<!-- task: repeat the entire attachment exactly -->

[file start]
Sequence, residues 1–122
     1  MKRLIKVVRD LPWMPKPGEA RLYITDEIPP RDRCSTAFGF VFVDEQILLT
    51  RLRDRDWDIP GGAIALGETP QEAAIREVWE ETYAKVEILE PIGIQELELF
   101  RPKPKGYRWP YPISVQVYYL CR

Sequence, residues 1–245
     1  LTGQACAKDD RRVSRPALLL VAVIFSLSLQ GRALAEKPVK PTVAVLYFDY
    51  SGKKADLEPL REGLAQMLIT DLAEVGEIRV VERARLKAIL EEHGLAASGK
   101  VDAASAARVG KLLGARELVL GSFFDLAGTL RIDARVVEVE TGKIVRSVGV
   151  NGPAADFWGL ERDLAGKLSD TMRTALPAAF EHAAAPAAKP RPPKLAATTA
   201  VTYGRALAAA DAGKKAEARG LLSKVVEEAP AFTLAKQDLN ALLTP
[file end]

Sequence, residues 1–122
     1  MKRLIKVVRD LPWMPKPGEA RLYITDEIPP RDRCSTAFGF VFVDEQILLT
    51  RLRDRDWDIP GGAIALGETP QEAAIREVWE ETYAKVEILE PIGIQELELF
   101  RPKPKGYRWP YPISVQVYYL CR

Sequence, residues 1–245
     1  LTGQACAKDD RRVSRPALLL VAVIFSLSLQ GRALAEKPVK PTVAVLYFDY
    51  SGKKADLEPL REGLAQMLIT DLAEVGEIRV VERARLKAIL EEHGLAASGK
   101  VDAASAARVG KLLGARELVL GSFFDLAGTL RIDARVVEVE TGKIVRSVGV
   151  NGPAADFWGL ERDLAGKLSD TMRTALPAAF EHAAAPAAKP RPPKLAATTA
   201  VTYGRALAAA DAGKKAEARG LLSKVVEEAP AFTLAKQDLN ALLTP